Marion Cheedy Yurala
Marion Cheedy Yurala


amclellan, 13th November 2019
In the Pilbara, the duties of a yurala are handed down from father to son through the generations, as they are called on to perform songs and dances to make it rain.

Ngaarda Media’s Marion Cheedy, tells the story of the last known rainmaker of the Yindijbarndi nation, who died of a broken heart following the construction of the Harding River Dam.

Produced by Marion Cheedy for Ngaarda Media, Roebourne.
Supervising Production by Tony Collins.

Broadcasting this on your station? Email [email protected] for audio and cue sheets.

My story is about a yurala - a rainmaker.

Long Mack, his skin colour banaga, who fought hard against the Western Australian Government of the time to stop the destruction of his cultural tharlu sites.

Unfortunately, his protest fell on deaf ears, the dam went ahead and the ancient tharlu sites were lost forever.

Marion Cheedy Yurala

IMAGE: Used with permission from the Juluwarlu Aboriginal Corporation.

The duties of a yurala is handed down from father to son and down through the generations.

They are called on to perform songs and dances to make rain and to know the Yindjibarndi culture.

He was born on Thuunggawarna Yindjibarndi country.

He was the Last known rainmaker for the nation of Yindjibarndi.

So, for thousands of years this cultural practise handed down from father to sons tragically ended when he died of a broken heart, caused primarily by the construction of the Harding River Dam over the traditional yurala-only sites.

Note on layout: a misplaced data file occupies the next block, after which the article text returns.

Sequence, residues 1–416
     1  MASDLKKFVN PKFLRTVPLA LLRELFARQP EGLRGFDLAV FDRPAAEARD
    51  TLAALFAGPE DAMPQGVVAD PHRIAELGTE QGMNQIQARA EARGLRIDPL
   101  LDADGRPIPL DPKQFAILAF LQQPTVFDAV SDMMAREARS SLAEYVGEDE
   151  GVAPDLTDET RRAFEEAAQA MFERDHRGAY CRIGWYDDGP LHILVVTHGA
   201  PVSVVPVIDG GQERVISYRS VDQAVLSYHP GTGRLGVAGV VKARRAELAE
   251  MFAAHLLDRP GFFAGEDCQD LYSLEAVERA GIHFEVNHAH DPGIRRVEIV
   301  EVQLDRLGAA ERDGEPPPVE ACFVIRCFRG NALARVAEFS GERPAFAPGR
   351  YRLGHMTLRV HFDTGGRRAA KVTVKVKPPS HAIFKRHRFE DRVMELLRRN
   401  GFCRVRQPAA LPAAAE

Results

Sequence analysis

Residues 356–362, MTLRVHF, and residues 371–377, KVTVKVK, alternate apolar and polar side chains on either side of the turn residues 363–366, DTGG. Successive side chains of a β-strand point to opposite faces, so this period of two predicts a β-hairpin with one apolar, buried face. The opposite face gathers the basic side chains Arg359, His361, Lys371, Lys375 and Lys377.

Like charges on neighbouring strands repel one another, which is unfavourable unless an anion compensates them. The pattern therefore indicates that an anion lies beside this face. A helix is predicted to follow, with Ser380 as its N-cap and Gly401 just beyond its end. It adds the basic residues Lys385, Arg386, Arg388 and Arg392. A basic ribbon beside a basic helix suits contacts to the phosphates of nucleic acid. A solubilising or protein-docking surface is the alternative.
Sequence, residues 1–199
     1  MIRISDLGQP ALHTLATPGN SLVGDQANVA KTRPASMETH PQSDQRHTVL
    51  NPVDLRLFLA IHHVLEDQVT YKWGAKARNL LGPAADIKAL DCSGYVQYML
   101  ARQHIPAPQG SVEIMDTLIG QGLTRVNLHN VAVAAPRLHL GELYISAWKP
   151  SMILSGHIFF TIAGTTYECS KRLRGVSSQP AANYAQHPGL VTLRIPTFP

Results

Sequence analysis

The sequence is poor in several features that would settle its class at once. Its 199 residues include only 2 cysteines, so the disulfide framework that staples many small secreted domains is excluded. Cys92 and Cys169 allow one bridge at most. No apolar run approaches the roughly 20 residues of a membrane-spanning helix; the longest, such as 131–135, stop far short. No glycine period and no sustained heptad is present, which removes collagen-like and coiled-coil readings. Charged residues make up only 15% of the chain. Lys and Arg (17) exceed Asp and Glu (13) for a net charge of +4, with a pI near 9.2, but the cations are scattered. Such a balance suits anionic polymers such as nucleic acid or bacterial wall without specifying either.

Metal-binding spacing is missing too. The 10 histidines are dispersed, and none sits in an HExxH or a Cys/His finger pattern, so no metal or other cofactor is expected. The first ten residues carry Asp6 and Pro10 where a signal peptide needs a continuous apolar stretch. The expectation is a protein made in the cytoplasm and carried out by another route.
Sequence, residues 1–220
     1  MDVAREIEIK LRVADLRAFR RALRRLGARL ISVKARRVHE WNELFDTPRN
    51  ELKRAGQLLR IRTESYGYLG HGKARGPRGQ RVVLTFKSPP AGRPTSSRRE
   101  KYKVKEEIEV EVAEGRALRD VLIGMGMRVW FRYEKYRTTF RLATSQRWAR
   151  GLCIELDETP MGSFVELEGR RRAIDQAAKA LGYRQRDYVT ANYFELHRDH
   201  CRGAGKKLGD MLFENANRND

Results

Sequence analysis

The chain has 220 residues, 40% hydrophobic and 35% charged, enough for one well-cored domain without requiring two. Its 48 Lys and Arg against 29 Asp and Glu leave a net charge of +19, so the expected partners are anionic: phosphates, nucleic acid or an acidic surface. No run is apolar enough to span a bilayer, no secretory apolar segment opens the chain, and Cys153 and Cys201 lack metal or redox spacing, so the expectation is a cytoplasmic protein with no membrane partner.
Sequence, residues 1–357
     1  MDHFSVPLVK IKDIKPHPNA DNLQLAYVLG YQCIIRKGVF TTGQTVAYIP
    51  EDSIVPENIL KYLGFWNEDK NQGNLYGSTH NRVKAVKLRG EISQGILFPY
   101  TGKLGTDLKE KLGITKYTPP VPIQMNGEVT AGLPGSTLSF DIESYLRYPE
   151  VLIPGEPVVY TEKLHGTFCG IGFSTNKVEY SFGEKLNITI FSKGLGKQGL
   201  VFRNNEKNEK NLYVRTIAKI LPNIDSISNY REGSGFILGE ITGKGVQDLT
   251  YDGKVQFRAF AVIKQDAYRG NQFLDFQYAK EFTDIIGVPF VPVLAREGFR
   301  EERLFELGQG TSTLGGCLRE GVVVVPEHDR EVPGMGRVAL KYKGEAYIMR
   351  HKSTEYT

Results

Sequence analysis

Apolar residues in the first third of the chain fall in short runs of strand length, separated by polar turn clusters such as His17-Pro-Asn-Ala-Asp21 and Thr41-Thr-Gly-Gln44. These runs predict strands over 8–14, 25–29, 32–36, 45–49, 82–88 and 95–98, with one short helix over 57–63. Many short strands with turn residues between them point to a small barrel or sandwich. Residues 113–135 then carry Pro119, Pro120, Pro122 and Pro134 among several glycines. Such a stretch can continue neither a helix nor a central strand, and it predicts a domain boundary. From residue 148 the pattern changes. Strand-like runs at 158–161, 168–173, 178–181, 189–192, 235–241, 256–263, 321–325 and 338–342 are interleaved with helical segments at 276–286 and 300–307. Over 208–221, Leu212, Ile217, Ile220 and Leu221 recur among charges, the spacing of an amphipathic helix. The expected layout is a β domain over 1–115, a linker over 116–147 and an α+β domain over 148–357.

- Marion Cheedy

This piece was made for the 2019 CBAA National Features & Documentary Series, a showcase of work by new and emerging Australian community radio producers, with training and mentoring provided by the Community and Media Training Organisation. The opinions expressed in National Features & Documentary Series content are those of the individual producers or their interviewees, and not necessarily shared by the CBAA or CMTO.

Produced with the assistance of the Department of Communications and the Arts via the Community Broadcasting Foundation.

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Now available to listen online and broadcasting on Australian community radio stations is the sixth instalment of CBAA’s National Features and Documentary Series, an annual showcase of new work by Australian community radio producers.


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